Once the bombing happens, the film escalates into overdrive and doesn’t let up on pace and tension for a comfortable 60 to 90 minutes of its 2-hour+ runtime. Berg wrings tension out of people watching CCTV cameras, and appearances on the cameras from the terrorists. Berg and cinematographer Tobias Schliessler are not overly flashy with their camerawork, aside from one stand-out, spine-chilling shot of several gun barrels poking through a garden fence that wouldn’t have looked out of place in a film like ‘Sicario.’ There is, however, an excellent combination of hand-held camera work and security footage to give the film a sense of genuine chaos. These investigators had to work on the fly for the 4 days they were searching. They had to set up command centres in two different locations and stay working while their centre was being built around them. They knew every second was precious; every second they didn’t have the terrorists in custody was a second they were getting further and further away.
The film’s crowning set-piece, a shoot-out in a suburb, is masterfully done. It’s a sequence that brings together several different police departments, all with clearly different budgets in what it can contribute to a gun-fight; where small, nearby Watertown PD only has handguns, Boston PD has machine guns, and the FBI have sniper rifles. This sense of chaos that has been building since the initial attack is none-more-evident here as the camera runs from cover to cover, almost hiding from the shooting and the explosions itself. I found myself nearly hyperventilating during this scene because I was so tense and utterly enthralled by the action on screen that I almost forgot to breathe.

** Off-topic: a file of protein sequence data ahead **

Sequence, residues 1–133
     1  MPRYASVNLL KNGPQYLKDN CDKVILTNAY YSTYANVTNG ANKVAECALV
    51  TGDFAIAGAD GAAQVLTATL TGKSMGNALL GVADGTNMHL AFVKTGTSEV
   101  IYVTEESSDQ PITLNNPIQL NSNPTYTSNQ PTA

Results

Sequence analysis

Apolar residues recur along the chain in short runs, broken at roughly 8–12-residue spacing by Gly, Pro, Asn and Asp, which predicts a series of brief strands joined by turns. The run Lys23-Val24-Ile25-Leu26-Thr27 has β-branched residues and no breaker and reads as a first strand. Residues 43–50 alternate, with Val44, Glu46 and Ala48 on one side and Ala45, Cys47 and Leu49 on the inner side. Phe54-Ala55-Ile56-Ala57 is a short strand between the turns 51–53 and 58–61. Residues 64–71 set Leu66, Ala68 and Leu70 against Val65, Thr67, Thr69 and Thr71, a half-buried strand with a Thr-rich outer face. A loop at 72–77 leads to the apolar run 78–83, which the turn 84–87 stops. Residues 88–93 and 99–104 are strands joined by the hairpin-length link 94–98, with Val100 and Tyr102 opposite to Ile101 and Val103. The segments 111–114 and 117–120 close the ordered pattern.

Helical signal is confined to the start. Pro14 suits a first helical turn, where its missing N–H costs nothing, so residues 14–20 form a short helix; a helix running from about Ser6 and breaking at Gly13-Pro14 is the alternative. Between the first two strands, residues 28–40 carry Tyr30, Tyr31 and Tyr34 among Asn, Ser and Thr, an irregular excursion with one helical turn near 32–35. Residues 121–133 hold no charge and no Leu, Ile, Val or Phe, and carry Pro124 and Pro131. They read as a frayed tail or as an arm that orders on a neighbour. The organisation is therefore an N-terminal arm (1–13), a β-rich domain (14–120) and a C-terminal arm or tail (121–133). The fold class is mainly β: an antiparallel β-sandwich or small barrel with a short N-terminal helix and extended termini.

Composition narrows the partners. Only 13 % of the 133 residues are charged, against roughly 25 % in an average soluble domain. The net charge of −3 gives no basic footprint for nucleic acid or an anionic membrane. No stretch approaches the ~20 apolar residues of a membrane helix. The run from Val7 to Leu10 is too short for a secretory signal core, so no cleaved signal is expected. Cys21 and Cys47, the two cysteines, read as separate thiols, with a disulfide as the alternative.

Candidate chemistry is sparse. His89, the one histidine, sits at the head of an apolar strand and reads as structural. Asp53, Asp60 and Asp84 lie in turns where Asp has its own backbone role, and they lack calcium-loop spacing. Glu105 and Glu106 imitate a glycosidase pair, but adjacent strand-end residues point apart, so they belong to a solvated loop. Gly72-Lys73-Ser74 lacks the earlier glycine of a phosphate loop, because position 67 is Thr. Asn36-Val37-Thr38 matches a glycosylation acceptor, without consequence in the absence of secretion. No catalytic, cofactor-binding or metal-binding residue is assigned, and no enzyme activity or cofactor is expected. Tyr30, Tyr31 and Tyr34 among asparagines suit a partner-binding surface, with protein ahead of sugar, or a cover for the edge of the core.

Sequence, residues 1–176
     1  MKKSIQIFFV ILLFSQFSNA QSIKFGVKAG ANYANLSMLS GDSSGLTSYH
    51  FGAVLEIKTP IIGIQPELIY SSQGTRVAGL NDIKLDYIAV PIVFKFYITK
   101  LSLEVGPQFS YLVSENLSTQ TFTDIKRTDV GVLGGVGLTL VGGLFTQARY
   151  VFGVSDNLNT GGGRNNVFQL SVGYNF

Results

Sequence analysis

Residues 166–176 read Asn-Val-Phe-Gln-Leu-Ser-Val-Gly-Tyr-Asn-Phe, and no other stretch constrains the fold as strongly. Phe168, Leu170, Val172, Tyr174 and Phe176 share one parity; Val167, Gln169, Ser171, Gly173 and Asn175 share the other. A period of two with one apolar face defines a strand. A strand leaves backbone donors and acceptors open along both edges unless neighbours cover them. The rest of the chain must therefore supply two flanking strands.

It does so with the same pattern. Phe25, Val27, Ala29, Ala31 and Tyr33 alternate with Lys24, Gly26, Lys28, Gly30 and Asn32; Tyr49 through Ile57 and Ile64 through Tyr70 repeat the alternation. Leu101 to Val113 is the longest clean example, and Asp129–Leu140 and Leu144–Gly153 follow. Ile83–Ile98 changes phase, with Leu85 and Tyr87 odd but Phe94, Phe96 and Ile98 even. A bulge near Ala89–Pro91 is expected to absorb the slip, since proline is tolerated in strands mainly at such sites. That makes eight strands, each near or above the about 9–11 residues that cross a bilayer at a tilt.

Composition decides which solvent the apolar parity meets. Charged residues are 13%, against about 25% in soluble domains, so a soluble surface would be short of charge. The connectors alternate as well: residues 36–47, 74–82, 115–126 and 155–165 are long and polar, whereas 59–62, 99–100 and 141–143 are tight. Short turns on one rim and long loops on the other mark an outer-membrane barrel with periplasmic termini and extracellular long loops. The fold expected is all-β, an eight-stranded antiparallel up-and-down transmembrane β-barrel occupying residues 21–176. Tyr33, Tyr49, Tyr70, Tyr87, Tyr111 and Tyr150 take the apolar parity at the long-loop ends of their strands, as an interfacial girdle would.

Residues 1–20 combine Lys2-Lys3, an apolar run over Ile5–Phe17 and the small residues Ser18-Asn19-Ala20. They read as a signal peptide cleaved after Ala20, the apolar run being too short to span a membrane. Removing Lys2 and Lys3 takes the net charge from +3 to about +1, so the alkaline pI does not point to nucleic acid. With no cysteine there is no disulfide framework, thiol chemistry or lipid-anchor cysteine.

There are some aspects of the story where I had to remind myself that this actually happened. This was a real investigation with real coincidences and real, huge strokes of luck. ‘Patriots’ Day’ does a fine job portraying that in a moving speech from Saunders in the final act. The Boston PD and the FBI had to ride their luck to succeed, they had to follow any tiny lead they could in the hopes that they’d find the terrorists, and they had to work together. This was an investigation with so many moving parts, from different police departments to shifts in who was in charge to being on too many radio frequencies. The success of this investigation was down to the very simple idea of working together towards a common goal.
Located near Boston, NFL team the New England Patriots’ motto for this last season, in which they won the Super Bowl, was #DoYourJob. This is what Boston did in April 2013. They did their job, they did it well, and they did it together. Boston Strong. Patriots’ Day Strong.
DIRECTOR: PETER BERG
STARRING: MARK WAHLBERG, JOHN GOODMAN, KEVIN BACON, JK SIMMONS, MICHELLE MONAGHAN, ALEX WOLFF, THEMO MELIKIDZE